The guy reads a sentence as if it was a lead in to a news story.
And then the next one and the next one and the next one. It is as if he doesn't even understand what he is reading, but is simply reading the words in the same sing song voice over and over. And then, at the start of each new topic - about two minutes - they have this foghorn type sound for some ungodly reason. I wouldn't listen to this book for an hour if you gave me a years worth of Audible books much less the entire 10 or 11 hours of the book. Yeech. I feel like I need to hose out my ears after just 10 minutes.
Some people would give it four instead of five stars. This might be due to the detailed descriptions of the behind-the-scenes maneuvering. However, for me, it is a wonderful, get-out-yer-hankies (in spots), well-read book. After I had a run of middlin' books from Audible, this is a grand slam home run!!
Great research makes this book hum! While some people might think the details are too much, I found it make the history that much better. You feel like you are there!
I had heard of many of the people and happenings that were covered in this book. However, I didn't know the details and how the people fitted together. This book put things in perspective and made a fascinating overview. Highly recommended!!
The book is very interesting. It adds a new dimension to history, making it very personal and believable. As for the narration, the reader is frequently so mechanical that it sounds like it could be computer speech. Very disappointing.
Even though I have read a number of books on World War II, I thought this really added a lot to the story of tank soldiers and black soldiers.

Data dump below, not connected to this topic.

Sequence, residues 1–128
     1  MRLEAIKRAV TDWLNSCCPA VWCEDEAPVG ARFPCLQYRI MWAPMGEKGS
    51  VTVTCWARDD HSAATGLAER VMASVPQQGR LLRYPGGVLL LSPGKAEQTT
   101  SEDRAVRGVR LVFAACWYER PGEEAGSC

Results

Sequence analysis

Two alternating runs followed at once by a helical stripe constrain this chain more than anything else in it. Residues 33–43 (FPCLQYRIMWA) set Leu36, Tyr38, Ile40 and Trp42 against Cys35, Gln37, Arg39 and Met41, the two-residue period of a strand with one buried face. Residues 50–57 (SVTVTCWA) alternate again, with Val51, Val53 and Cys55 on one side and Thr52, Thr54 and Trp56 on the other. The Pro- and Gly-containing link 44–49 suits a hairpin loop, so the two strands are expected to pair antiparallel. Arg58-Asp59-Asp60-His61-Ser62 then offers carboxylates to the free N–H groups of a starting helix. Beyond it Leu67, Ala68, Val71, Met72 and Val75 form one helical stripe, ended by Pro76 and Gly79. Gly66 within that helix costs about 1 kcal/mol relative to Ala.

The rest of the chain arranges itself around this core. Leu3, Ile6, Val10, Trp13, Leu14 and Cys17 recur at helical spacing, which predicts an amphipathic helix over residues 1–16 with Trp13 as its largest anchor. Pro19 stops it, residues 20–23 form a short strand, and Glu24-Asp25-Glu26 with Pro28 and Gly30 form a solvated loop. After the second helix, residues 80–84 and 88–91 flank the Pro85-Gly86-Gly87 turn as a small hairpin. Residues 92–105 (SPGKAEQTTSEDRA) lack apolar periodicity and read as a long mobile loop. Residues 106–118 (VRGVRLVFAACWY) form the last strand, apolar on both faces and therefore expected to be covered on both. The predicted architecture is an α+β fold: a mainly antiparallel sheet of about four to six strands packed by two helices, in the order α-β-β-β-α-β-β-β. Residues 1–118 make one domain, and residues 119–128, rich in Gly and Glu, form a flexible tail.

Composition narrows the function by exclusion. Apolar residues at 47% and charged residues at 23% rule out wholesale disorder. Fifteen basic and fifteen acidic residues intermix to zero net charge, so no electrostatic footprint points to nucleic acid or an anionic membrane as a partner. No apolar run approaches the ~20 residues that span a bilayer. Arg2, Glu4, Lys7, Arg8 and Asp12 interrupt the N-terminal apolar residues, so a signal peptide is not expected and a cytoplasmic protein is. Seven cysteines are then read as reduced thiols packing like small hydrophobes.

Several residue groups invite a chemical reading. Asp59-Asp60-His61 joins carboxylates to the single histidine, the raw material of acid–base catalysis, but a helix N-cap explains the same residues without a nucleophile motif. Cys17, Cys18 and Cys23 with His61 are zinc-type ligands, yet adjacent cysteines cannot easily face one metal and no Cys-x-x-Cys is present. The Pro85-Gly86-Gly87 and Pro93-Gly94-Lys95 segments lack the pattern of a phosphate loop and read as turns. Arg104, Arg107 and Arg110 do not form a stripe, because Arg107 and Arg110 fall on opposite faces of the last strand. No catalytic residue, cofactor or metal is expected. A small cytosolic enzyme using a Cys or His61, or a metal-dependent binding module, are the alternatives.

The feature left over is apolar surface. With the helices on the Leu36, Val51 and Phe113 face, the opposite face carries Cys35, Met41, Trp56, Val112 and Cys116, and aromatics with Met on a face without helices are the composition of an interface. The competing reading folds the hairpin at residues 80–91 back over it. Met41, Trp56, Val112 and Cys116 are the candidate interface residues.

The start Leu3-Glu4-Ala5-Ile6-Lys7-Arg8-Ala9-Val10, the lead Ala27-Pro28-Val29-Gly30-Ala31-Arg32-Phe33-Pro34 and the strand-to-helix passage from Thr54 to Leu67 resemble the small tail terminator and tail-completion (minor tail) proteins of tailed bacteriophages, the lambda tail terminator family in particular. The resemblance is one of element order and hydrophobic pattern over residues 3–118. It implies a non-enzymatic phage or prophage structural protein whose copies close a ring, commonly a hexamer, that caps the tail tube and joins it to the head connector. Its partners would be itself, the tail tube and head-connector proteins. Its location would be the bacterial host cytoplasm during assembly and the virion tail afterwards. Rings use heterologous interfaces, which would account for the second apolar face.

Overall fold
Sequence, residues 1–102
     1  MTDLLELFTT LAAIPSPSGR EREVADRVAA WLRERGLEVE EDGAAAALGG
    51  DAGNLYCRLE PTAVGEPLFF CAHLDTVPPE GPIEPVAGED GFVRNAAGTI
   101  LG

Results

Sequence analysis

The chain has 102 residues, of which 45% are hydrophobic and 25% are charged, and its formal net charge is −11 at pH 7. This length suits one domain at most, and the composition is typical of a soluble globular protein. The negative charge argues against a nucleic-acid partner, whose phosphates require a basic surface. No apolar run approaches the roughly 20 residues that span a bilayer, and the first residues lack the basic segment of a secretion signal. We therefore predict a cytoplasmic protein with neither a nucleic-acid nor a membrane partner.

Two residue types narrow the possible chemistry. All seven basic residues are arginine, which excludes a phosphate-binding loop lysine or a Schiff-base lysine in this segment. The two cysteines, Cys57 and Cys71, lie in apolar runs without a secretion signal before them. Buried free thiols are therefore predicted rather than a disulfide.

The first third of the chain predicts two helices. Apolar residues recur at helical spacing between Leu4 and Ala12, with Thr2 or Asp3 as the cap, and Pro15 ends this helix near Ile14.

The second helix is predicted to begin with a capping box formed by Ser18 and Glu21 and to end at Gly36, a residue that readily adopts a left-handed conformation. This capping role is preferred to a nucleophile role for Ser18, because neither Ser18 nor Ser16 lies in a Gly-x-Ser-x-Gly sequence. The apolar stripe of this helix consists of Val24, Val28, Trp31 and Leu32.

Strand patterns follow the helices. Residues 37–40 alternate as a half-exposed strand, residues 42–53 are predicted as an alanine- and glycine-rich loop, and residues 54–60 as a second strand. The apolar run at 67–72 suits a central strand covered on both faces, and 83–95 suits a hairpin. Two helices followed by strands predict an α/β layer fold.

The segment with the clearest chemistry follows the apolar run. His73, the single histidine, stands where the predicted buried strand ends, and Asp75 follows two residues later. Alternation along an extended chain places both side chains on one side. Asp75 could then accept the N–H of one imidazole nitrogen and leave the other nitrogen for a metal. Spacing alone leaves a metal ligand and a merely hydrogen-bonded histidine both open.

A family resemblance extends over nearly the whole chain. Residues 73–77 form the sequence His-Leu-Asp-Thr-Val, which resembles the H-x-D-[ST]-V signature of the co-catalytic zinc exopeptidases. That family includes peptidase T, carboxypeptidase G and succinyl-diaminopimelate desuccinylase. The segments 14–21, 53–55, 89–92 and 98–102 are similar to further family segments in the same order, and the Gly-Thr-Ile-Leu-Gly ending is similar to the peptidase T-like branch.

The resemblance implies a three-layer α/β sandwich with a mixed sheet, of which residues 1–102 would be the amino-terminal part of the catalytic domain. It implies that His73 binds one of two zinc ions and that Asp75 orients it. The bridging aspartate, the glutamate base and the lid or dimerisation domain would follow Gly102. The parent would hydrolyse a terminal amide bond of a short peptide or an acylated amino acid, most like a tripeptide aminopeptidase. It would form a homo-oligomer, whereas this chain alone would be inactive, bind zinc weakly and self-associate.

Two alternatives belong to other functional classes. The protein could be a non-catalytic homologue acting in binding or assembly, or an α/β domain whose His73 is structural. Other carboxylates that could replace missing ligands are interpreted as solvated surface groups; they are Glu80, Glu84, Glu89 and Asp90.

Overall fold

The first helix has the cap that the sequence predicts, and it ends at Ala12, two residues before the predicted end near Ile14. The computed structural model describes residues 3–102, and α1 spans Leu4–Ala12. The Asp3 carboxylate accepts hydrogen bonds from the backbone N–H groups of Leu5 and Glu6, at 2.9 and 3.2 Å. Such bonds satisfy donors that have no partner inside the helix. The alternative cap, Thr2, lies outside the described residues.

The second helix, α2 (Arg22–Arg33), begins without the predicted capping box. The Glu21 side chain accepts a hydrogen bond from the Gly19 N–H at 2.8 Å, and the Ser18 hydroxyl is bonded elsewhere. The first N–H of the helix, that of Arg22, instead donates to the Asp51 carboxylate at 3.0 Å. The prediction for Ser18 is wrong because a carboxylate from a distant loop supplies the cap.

As for the narration, it was distracting and painful to hear so many mispronounced words and not obscure city names, but common words and frequently used historical words: straff for straf, personal mines for personnel mines, Ver-DUNE for Ver-done (Verdun), ambu-LANCE for ambulance, Ar-DEAN for Ar-den (Ardennes), Ba-vah-ria instead Ba-VARE-ia.
I was already familiar with most of the story, but I loved the detail and personalities. It is not for the squeamish since it deals with sewage systems and human waste, but if you can get over that it is wonderful. It is *not* incongruous to be talking about sociology and mapmaking since this a premier example of mapmaking for sociology and medical science. One of the best science books I have heard.
This guy is one of those who decide on a position and then cherry-pick, twist, turn, torture and chew the carpet with facts until it supports his position. I constantly read and listen to history books so I recognize the truth in much of what he says, but there is an underlying theme just below the surface that there is an evil, liberal elite working behind the scenes throughout the years to oppress the humble, righteous, Christian white Southerner. Being a white sixth generation Presbyterian Southerner with numerous ancestors in the civil war and a lifelong Republican until the present administration, I was embarassed by the extreme slant toward his point of view and away from anything that didn't fit his history. Embarassing waste of time! Lots of much better history out there. He talks about books *they* don't want you to read, HERE's one I wish I hadn't.
"Then he proceeds by asserting that the inhabitants of Papua New Guinea are genetically superior to whites. This self-contradiction is not rendered any less stupid by the fact that it's done without reference to any evidence beyond the mere hunch of the author."
This reviewer says it is the "mere hunch" of the author. I disagree strongly. The author states it as a theory and gives several good reasons from his years of study. He does NOT say that they are inherently better than whites, but they are genetically superior because they have be more self-sufficient and the ones who are not self-sufficient die off much more quickly. If I had lived at another time, I may have been an invalid or died at an early age due to an accident with my poor eyesight and allergies. In this age, I am probably healthier than most. Not my favorite book, but certainly not bad.
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